Yoga for Scoliosis


If you have scoliosis, a sideways curve of the spine, you most likely do not have severe back pain. This doesn’t mean, however, that you don’t want to look after your spine in the best possible way. With age, the lateral curve may increase and restrict your breathing mechanism. The growing tightness with age can also worsen the achiness in your neck, shoulder and back. Yoga therapy offers a range of movements that can target the two sides of your spine separately. The aim is not to straighten the spine, as this is impossible in many cases, but to keep your spine in an optimal condition. If you look after your back well with the appropriate exercises, you are more likely to prevent pain and restrictions in the future.

Yoga for the various forms of scoliosis is very specific. Generally, it consists of strengthening the muscles of the convex side and releasing those on the concave side of your spine. It also favours asymmetrical poses so that each side of your spine can lengthen or strengthen independently.

Because yoga for scoliosis is so specific and particular for your back, it is best to work one-to-one with a trained yoga therapist. I teach in London but also offer Skype sessions if you want more guidance. Below I have described some general movements that you can already start with. They are aimed to release your spine one side at a time and strengthen the weaker (convex) side. All these poses are also beneficial for people with mild back pain (do side-plank on both sides if you don’t have scoliosis) as they release or strengthen the spinal muscles.

Asymmetrical all-fours movement

-Start on all fours, hands underneath the shoulders and knees underneath the hips.
-Place both hands further forward, about 15 cm or 5 inches in front of the shoulders and bring one knee a small step behind the other knee.
-Exhale and bend both arms, lowering yourself onto the elbows. Keep the hips over the knees so that you don’t move backward.
-Inhale and come up to the starting position.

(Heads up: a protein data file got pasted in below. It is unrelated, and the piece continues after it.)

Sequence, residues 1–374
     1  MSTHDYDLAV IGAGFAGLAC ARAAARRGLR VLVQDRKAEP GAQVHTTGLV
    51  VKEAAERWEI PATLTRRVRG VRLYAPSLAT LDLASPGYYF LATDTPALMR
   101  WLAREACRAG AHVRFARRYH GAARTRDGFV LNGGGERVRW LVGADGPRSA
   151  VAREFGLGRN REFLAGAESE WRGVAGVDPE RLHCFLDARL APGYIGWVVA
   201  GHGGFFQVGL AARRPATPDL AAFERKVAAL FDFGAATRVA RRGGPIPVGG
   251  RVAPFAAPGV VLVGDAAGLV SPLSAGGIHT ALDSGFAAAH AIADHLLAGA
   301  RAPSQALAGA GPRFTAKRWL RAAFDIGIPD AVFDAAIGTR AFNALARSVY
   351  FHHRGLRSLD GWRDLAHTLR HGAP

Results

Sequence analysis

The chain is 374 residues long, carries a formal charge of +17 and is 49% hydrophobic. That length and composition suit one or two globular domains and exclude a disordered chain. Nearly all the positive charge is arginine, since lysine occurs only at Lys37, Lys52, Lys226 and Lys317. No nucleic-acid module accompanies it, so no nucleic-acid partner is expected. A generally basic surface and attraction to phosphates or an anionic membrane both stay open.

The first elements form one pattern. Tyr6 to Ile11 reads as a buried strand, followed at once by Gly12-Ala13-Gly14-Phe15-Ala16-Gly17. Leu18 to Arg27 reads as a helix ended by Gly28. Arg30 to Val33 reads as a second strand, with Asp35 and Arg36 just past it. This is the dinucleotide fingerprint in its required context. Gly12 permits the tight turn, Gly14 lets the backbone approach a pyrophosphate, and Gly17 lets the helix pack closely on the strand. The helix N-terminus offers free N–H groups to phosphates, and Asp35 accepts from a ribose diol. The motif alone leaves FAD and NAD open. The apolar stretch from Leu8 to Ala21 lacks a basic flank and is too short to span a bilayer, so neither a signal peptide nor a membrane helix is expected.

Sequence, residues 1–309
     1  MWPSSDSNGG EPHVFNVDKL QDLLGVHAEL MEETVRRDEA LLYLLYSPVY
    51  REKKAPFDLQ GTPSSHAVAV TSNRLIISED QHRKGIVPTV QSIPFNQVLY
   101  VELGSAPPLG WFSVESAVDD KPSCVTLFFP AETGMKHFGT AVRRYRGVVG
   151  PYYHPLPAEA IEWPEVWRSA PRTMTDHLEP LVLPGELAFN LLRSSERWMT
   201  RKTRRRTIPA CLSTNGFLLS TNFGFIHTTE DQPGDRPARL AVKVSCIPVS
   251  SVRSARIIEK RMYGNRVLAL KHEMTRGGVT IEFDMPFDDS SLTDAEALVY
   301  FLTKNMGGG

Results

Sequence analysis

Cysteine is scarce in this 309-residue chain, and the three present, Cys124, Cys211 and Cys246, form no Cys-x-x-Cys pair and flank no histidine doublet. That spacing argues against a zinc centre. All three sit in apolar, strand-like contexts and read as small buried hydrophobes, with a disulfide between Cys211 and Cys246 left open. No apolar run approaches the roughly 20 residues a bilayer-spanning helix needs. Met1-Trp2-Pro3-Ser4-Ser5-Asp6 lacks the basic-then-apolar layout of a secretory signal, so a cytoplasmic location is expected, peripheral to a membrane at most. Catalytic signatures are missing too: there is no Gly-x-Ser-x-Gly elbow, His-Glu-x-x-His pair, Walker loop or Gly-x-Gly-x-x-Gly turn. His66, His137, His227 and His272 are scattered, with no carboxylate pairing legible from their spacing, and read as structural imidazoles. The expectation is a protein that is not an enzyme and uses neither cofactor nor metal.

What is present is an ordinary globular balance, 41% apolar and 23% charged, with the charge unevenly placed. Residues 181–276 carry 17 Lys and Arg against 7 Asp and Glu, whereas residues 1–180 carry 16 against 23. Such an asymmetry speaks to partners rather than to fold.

Repeat this movement several times and then stay in the lower position for a few breaths, allowing the head to hang down so it can lengthen.

Side plank


Do this position only on the side of your spine that is weaker, i.e. the convex side, which curves outward. This is where the muscles are longer, less tight and weaker. This position can strengthen that side so that the muscles might straighten the convex side more. Do the pose on one side a few times a week, on the other (concave) side once a week, but stop practicing this position if it gives you wrist or shoulder pain. Until your back and arm are strong enough, you can practise the variation below, with the lower knee on the floor. Your upper arm can either point to the ceiling or be positioned next to your head. If you are concerned about your balance in this pose, practise with a wall behind you.


Resting on the side

After having done the side-plank on one side, turn around to your other side and stretch out for a few minutes with the arm, body and legs all in one line and the head resting on your arm. This stretches the tight (concave) side gently.

Supine leg and arm movement

This is an asymmetrical pose that is generally good for your back, but because it works asymmetrically it is also beneficial if you have scoliosis. Like the first movement, it gives each side of the spine the chance to lengthen independently. It stretches the hamstrings and relaxes the lower back.
-Start lying on the back with the arms next to you and legs bent towards the chest.
-Inhale and straighten one leg to the ceiling while bringing the opposite arm next to your ear.
-Exhale and return to the starting position.
-Do the same on the other side and repeat each side 4-8 times.

Do you have scoliosis and have you tried yoga? Please leave me a comment below! Ans as always, don’t hesitate to book your free consultation call here:


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